Since mid-June, at least 1,136 people—including 386 children—have died and 1,634 have been injured, according to the National Disaster Management Agency (NDMA).Fears of further fatalities increased as a result of the relentless rain. According to NDMA, the floods have also devastated significant infrastructure, including more than 130 bridges and close to 500,000 dwellings.Sherry Rehman, Pakistan’s minister for climate change, said last week that by the time this is through, “we may have a quarter or a third of Pakistan under water.”
“Water spilled in”
As floods overwhelmed the nation, dramatic calamity scenes played out there.
In Chadsadda in northern Pakistan, Ali Jan told Reuters on Monday that it was raining but not very hard. However, that suddenly altered.
Jan claimed, “All of a sudden the outer wall of the enclosure fell and water flowed in.” “We just about made it out alive. The water had almost reached waist depth by the time the women were ready to leave the house. Both the livestock and the ladies were removed. You may see the remainder there. Additionally, crops were devastated.”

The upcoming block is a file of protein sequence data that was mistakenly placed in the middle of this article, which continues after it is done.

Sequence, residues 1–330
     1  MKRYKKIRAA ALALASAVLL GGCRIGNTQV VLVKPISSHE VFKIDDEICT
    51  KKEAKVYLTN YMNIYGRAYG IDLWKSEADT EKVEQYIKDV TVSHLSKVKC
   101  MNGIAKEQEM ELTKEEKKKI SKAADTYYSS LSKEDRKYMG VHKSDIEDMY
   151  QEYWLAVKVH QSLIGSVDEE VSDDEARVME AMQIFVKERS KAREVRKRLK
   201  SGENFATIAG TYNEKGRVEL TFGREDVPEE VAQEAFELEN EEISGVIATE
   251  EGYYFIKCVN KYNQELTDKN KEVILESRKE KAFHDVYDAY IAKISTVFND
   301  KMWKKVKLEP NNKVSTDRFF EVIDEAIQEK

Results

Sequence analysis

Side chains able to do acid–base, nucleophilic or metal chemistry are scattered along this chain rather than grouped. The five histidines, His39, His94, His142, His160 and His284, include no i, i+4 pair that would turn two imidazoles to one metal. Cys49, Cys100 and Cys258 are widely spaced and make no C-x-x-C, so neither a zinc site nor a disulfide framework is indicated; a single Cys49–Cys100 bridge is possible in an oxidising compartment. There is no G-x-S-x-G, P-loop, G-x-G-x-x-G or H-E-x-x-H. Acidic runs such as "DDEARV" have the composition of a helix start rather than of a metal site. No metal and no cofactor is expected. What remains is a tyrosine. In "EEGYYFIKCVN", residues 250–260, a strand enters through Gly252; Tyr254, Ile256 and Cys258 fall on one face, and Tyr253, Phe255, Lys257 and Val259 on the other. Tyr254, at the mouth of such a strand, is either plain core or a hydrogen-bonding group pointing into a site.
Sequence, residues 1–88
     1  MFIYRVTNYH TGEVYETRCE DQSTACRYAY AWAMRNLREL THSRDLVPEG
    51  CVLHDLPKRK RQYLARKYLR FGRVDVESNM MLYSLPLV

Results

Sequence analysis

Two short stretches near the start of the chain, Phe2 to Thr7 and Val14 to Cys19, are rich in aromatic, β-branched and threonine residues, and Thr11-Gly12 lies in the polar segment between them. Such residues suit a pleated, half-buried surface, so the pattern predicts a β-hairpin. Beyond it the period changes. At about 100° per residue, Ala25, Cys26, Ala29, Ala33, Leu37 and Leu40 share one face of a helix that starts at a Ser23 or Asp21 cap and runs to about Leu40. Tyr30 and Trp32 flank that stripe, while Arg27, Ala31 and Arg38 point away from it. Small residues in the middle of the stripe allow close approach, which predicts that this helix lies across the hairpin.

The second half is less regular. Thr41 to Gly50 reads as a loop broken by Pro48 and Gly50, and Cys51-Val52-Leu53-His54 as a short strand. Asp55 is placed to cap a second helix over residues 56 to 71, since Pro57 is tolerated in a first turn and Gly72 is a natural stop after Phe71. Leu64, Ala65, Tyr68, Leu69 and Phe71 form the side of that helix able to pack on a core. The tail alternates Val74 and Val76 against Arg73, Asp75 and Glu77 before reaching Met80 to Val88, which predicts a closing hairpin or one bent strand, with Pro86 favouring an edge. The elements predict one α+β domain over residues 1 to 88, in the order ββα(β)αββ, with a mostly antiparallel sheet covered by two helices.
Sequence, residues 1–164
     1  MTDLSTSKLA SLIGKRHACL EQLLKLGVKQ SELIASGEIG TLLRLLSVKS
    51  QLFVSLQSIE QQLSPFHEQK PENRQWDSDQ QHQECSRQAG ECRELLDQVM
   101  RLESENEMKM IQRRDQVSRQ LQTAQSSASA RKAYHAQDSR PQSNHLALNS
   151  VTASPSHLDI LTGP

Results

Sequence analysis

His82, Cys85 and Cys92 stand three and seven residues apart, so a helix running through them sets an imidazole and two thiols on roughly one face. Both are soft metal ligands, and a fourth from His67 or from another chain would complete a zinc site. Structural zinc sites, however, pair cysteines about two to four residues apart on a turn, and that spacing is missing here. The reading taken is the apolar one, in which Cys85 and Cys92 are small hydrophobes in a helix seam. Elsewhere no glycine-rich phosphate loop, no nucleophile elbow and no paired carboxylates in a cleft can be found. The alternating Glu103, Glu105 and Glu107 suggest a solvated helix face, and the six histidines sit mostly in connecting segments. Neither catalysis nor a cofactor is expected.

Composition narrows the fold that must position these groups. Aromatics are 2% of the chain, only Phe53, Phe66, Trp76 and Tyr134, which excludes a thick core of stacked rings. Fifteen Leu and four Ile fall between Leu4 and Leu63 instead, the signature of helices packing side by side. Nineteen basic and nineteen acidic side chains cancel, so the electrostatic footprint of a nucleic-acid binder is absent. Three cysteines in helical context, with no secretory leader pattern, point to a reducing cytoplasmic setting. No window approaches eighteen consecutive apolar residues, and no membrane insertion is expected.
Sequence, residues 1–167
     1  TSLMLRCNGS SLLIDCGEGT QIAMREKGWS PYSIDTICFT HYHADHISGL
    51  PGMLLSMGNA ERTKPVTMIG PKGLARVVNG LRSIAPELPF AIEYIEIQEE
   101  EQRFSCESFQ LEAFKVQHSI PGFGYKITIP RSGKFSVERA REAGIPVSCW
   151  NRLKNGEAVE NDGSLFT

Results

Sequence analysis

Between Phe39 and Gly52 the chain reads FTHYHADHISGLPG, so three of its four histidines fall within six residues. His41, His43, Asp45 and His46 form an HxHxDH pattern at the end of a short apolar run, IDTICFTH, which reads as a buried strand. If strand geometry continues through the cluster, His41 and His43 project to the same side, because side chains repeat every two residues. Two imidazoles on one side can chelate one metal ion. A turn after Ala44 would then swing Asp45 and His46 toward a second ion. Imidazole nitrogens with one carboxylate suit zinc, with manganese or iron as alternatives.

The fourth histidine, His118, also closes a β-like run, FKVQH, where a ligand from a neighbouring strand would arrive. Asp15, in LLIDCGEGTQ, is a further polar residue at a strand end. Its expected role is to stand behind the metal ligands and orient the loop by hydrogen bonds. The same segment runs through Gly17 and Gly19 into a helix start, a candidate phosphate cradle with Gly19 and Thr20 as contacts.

Ihtisham Khaliq Waseer, the NGO’s digital media manager, claims that in films posted by the Alkhidmat Foundation Pakistan, its volunteers helped a youngster and an old man cross swiftly rising floodwaters using a bed frame and improvised pulley systems.
According to him, the NGO’s more than 3,000 volunteers are dispersing aid all around the nation.
“We are getting relief, but it’s not enough with what we need on the ground,” he said, adding that volunteer teams have been working tirelessly for weeks to transport supplies to difficult-to-reach places.
According to weather forecasts, Waseer expressed hope that his crew will be able to provide food rations and set up tents when the rains lessen and the flood levels recede in the upcoming week.